2. The role of the doctor is to promote health first, rather than to treat the disease.

  3. It is more beneficial to receive care from doctors who are acquainted with both western and alternative medicine in addition to conventional medicine rather than those who only know just conventional medicine.

  4. Doctors should advise patients not to take herbs (botanicals) until it passes strict standards such as the ones applied to established pharmaceutical drugs.

  5. It is appropriate for doctors to use intuition as a major factor in deciding the right treatment for patients.

  6. The spiritual belief of doctors play an important role in treating patients.

  7. The spiritual belief of patients play an important role in their recovery.

  8. Acupuncture is known to be effective in treating chemotherapy-related nausea and vomiting. However, there is nothing known about the mechanism. Thus it is irresponsible for doctors to recommend acupuncture to patients with chemotherapy-related nausea and vomiting.

  9. The aim of end of life care should be valued as an opportunity for doctors to help patients heal.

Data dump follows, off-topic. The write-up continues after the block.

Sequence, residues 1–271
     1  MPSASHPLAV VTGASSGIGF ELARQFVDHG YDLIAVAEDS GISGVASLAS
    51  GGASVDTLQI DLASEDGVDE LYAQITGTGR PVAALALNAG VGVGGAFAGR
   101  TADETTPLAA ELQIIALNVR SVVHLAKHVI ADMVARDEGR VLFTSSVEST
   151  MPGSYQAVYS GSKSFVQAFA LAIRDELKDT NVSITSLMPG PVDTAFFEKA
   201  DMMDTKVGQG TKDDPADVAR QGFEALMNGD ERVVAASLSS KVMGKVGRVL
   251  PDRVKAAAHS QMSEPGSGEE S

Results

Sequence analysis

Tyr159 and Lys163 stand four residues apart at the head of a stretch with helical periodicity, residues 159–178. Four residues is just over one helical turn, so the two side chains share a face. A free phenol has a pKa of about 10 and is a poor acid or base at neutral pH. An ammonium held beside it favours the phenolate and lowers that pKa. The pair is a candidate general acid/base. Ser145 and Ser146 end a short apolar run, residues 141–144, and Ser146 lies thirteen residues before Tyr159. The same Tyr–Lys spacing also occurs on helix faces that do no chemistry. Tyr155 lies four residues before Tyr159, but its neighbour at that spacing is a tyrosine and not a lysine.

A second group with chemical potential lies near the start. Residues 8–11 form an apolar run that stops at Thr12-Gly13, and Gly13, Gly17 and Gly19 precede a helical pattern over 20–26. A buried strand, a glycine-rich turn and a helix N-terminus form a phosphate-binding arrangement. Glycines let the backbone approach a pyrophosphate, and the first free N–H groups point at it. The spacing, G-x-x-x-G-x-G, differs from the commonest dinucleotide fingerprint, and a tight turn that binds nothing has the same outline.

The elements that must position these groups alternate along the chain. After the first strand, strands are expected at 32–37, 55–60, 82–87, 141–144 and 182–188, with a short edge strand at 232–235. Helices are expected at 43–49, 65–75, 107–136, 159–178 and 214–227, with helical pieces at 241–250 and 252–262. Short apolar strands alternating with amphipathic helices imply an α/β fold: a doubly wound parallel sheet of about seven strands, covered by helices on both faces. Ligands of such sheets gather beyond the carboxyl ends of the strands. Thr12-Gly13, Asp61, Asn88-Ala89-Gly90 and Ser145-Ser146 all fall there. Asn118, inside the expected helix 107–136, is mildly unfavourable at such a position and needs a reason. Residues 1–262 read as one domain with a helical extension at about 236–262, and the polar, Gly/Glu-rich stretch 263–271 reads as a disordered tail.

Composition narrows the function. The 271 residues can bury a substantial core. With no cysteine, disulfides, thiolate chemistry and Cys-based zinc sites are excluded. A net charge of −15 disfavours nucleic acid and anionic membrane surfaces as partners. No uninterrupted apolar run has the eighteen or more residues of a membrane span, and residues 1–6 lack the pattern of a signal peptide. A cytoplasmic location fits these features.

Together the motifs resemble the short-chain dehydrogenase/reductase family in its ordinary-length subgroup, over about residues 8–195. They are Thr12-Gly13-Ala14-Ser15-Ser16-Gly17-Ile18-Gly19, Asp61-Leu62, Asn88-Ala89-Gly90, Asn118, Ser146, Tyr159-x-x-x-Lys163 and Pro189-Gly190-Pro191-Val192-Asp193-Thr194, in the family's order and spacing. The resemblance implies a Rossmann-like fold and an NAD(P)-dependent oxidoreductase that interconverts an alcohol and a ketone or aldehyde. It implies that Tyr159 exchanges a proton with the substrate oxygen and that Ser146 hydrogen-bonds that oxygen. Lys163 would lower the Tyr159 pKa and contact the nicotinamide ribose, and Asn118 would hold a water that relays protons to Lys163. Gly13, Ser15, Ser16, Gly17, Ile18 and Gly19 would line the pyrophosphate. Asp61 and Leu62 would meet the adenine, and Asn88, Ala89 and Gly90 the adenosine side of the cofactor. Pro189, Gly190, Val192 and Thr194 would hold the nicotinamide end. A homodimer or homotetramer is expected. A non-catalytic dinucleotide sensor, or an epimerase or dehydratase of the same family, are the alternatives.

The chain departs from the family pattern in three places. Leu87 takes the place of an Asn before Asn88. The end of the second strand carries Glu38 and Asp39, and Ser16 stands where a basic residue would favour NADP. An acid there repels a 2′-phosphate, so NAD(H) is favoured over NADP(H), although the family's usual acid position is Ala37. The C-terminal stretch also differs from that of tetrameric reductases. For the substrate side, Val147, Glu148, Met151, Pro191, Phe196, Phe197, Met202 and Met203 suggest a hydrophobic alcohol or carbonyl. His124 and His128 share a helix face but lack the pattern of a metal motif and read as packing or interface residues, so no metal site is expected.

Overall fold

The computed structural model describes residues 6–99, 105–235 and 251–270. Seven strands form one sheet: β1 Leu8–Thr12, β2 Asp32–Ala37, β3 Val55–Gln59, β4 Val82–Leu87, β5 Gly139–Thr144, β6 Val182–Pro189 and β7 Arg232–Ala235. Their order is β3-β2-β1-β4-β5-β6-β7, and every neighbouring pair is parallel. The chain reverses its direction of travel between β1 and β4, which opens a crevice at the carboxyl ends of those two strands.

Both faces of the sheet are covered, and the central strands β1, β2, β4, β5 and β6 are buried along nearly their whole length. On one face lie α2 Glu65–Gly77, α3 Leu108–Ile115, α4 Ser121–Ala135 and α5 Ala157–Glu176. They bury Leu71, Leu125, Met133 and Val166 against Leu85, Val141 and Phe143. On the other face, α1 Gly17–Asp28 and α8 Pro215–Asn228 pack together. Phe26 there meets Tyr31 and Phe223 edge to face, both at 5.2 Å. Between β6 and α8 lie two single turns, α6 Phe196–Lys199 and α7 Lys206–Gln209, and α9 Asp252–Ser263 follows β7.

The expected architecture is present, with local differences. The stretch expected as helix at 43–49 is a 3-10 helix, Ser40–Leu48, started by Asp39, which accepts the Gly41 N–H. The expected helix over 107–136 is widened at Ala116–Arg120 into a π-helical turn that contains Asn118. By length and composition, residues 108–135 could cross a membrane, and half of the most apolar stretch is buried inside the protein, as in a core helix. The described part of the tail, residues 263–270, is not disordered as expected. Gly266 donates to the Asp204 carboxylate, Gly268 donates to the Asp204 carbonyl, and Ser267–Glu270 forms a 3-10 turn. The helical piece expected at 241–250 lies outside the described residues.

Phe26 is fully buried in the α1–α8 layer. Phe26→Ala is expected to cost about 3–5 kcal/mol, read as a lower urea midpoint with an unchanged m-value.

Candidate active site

10. It is not desirable for doctors to gain therapeutic benefit through placebo effect.

  11. If healing means reaching a certain state of satisfaction, healing is impossible with incurable disease.

  12. Patients are more satisfied with doctors who know about complementary alternative medicine (such as traditional Chinese medicine) as well as modern conventional medicine.

  13. Therapeutic touch is an unreliable treatment method.

  14. A doctor who leads a balanced life style improves patient satisfaction. A balanced life style means attending to one's health, and holding interests in social, family and spiritual needs as well as interests beyond medicine.

  15. In research, it is equally important to measure the quality of life as well as the specific outcomes related to the disease.

  16. Chiropractics or osteopathy are effective methods for resolving various musculoskeletal disorders.

  17. The primary aim of doctors should be to treat the disease, rather than to deal with the individual patient's personal change and growth.

  18. Massage therapy may give some temporary sense of relief to patients, but in the long run, cannot achieve any objective improvement in symptoms.

  19. Self-healing powers of patients often decides the outcome of the treatment, regardless of the treatment method.

  20. A close doctor-patient relationship is a very valuable therapeutic method for improving treatment effectiveness.